Can you identify these quotations?
"Gentlemen, it is magic time."
"You can't shoot actors, they're people!" "Oh yeah? Have you ever eaten with one?"
"Hitler. . . now there was a painter! He could paint an entire apartment in one afternoon! Two coats!"
"I want everything I've ever seen in the movies!" "Max... he 's wearing a dress."
"Go, Bialy, baby, go!!!"
By now any theatre/movie/Mel Brooks nut will have recognized these quotations as coming from The Producers, considered by some -- and not just theatre folk -- to be the funniest movie ever made.
The reason the film is of special interest to theatregoers is it follows the relationship between Max Bialystock, a Broadway producer fallen on hard times, and Leo Bloom, the meek accountant who helps Max hatch a scheme to make money on Broadway once again.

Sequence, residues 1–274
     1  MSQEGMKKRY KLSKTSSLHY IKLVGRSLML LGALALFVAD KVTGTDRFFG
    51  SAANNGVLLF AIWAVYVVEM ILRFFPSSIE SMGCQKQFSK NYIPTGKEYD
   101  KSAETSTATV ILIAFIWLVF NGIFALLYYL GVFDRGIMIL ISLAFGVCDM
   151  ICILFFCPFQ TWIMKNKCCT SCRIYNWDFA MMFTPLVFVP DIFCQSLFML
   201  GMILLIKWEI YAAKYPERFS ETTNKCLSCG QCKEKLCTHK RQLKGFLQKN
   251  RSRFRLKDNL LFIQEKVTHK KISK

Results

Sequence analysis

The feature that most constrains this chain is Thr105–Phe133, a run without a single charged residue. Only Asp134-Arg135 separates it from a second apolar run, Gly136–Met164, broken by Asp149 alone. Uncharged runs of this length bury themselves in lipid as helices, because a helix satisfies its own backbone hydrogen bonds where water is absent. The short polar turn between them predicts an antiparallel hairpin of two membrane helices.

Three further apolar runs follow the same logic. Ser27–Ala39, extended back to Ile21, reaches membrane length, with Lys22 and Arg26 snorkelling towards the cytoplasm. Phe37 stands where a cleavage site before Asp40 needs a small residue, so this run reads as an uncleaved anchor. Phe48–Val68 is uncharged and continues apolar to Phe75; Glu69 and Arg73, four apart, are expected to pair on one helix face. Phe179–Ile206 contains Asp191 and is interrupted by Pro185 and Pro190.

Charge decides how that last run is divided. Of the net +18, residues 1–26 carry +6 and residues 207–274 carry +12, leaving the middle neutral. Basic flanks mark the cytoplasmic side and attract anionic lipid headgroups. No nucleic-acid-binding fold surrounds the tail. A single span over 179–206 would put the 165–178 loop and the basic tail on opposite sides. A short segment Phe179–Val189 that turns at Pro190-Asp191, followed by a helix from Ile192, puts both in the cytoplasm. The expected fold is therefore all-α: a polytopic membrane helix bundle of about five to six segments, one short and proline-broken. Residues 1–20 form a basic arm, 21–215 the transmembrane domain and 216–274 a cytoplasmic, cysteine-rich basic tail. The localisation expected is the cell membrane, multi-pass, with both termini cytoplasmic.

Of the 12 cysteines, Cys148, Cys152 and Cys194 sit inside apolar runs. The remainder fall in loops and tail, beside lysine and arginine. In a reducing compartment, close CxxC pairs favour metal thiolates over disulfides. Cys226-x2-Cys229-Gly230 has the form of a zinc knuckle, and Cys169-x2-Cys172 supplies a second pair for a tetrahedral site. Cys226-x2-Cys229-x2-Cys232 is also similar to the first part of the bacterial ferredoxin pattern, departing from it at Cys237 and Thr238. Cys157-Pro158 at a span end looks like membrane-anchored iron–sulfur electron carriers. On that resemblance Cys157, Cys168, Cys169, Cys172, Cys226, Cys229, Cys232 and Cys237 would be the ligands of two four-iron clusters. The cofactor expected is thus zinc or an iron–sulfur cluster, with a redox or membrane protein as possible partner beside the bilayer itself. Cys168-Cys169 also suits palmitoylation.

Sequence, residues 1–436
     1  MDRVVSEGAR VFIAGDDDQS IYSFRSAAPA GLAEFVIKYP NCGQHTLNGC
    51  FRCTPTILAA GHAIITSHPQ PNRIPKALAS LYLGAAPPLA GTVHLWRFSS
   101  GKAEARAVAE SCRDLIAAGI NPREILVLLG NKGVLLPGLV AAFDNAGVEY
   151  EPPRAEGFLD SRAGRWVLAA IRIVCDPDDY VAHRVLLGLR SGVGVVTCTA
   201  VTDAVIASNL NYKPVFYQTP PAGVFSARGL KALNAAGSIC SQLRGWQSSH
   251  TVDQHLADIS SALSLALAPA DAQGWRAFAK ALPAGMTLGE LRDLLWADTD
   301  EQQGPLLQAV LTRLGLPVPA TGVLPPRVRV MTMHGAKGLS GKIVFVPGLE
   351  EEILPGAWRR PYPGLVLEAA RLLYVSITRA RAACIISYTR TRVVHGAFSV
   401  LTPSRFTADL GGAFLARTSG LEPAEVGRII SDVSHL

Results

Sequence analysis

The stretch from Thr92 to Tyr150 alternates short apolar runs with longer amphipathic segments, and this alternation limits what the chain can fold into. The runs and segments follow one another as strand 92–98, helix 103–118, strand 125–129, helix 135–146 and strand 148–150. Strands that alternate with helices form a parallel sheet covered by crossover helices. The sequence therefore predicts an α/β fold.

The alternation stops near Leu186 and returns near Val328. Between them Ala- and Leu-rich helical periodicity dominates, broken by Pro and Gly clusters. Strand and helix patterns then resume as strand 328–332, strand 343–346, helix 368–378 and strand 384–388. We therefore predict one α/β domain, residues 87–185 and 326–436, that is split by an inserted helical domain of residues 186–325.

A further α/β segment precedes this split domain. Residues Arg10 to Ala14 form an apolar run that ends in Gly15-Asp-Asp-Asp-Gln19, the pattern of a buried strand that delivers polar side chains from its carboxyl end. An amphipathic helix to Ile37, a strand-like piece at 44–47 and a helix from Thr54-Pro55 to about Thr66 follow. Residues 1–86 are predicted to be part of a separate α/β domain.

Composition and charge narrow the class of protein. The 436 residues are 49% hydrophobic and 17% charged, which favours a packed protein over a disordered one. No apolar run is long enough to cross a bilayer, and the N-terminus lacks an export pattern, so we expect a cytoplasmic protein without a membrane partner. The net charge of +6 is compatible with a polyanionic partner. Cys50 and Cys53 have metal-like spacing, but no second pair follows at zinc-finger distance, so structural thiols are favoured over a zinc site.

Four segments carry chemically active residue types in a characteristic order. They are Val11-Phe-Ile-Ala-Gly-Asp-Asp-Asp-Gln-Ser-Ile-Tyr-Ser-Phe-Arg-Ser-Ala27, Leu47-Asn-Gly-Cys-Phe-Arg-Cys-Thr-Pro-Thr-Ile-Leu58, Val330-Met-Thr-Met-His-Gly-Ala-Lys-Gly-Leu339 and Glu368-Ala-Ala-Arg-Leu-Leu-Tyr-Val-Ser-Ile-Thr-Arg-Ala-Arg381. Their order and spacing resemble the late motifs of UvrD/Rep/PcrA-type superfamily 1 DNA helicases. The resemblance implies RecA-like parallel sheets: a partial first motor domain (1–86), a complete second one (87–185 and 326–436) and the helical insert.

Since mounting plays is expensive (even in 1968 when the movie was made), and since backers have to be paid off if the show's a hit, Bloom discovers that a crafty producer can make more money with a flop than with a hit -- but he must be absolutely sure the show will fail.
Bialystock & Bloom's search for the worst musical ever made leads them to Franz Liebkin's Springtime For Hitler -- subtitled "A Gay Romp With Adolph and Eva at Berchtesgaden" -- whose title tune has been murmured sarcastically at many a Broadway intermission over the years. Irony of ironies, that song, and those other classics from the film -- "Prisoners Of Love" and "Love Power" -- may actually see the light of a legit theatre.
A year ago, producer David Geffen was holding talks with author/director Mel Brooks about bringing The Producers to Broadway. According to the Daily News, those talks are back on again, because both Geffen and Brooks are interested. One source even said that the two are considering titling the new show after the play-within-the-movie, Springtime For Hitler.
A call by Playbill On-Line to Geffen spokesperson Terry Press confirmed that Brooks and Geffen are talking, but no further information was available at this time.
The Brooks film starred Zero Mostel as Max, Gene Wilder as Leo, and Kenneth Mars as Franz.
--By David Lefkowitz